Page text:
5 Crazy, Messy & Amazing Colourful Festivals Around The World


Think of grown-ups throwing fruit and veggies at each other just for the sake of pure fun, of children spreading bright powders all around so much they’re all painted, of art installations that look like a setting of a fantasy movie, of bathing, swimming and playing in mud… People really do these things. They can be mature most of the year, hard-working and responsible, but when the crazy festivals begin; all the serious matters are put aside. Here’s a list of 5 of the world’s oddest, most colorful and chaotic events.

1. La Tomatina
Where: Buñol, Spain

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La Tomatina isn’t actually very colorful. It’s just red. Once the festival begins, everything becomes as red as a tomato. Each year, on the last Wednesday of August, the small Spanish town turns into a messy playground. The game only lasts one hour, but about 150,000 tons of tomatoes are being used. Participants just pelt each other with tomatoes for fun. The veggies (or rather fruit, since botanically tomatoes aren’t vegetables) are delivered by trucks that enter the Plaza del Pueblo when the fight is about to begin. There are several rules: the tomatoes must be squashed so that nobody gets hurt, nothing else besides tomatoes can be thrown and after the fight is over (the end is indicated by a shot), no tomato can be in the air.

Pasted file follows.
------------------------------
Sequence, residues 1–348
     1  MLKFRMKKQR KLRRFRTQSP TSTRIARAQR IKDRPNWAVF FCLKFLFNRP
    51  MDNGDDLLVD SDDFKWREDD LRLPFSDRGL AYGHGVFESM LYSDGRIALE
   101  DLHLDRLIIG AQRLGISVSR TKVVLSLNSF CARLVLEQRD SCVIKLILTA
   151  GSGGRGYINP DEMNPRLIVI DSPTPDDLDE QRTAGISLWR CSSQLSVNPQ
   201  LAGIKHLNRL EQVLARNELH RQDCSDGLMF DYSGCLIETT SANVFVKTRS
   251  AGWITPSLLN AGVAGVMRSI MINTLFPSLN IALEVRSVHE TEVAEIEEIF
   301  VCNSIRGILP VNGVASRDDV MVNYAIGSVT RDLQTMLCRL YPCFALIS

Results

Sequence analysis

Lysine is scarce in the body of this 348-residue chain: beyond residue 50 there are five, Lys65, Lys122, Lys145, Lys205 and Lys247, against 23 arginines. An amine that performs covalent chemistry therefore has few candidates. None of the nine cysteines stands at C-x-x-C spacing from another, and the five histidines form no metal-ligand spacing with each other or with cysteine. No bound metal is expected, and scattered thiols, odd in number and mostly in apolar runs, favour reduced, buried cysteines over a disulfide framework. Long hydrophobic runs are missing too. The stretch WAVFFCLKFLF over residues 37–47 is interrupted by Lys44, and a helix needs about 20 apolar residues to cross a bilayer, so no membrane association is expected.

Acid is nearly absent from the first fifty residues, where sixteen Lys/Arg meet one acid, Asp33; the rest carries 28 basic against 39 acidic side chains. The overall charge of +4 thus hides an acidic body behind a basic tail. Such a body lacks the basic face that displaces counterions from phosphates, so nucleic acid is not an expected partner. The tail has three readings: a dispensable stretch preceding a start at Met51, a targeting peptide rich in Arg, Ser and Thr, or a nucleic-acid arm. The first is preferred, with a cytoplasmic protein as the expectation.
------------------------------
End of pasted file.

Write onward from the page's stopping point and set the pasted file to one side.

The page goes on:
2. Boryeong Mud Festival
Where: Boryeong, South Korea

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If you’re from a rainy country, then you probably remember the happiness of being child, jumping into the mud and getting all dirty. The only problems were caused by parents complaining about how much laundry had to be done because of your childish whims. Thanks to the Boryeong Mud Festival, you can feel like a kid again. The festival lasts a week, but its final weekend is the most important part. All the mud is brought from the Boryeong mud flats and used to create a variety of attractions. There are mud pools and slides, body painting with colored mud, skiing, gold and badminton competitions. A stage is placed on the beach, so once you’re already painted, you can listen to live music or watch mimes performing. In the meantime, wellness clinics offer mud massages and other treatments.

3. Holi Color Festival
Where: The festival originates from India and Nepal, but is has recently spread around Europe and North America.

When: The dates vary each year according to the Hindu calendar. It’s usually celebrated in the end of February or in March.

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The main goal of Holi is to celebrate the arrival of Spring and saying goodbye to Winter. In Hinduism it also has a religious significance. A night before the celebration of colors, people lit bonfires. The ceremony is called Holika Dahan, which means “Burning of Holika” (Holika is a demoness in Hindu tradition). As for the festival of colors itself, as soon as it starts, both children and adults spray colored powder at each other and it only takes a moment until everyone looks like an embodiment of rainbow. The Festival of Colors has become very popular across Europe and America, so now many major cities held their own celebrations. The Western variety doesn’t have a religious meaning; it’s rather about gathering people together, playing and letting loose.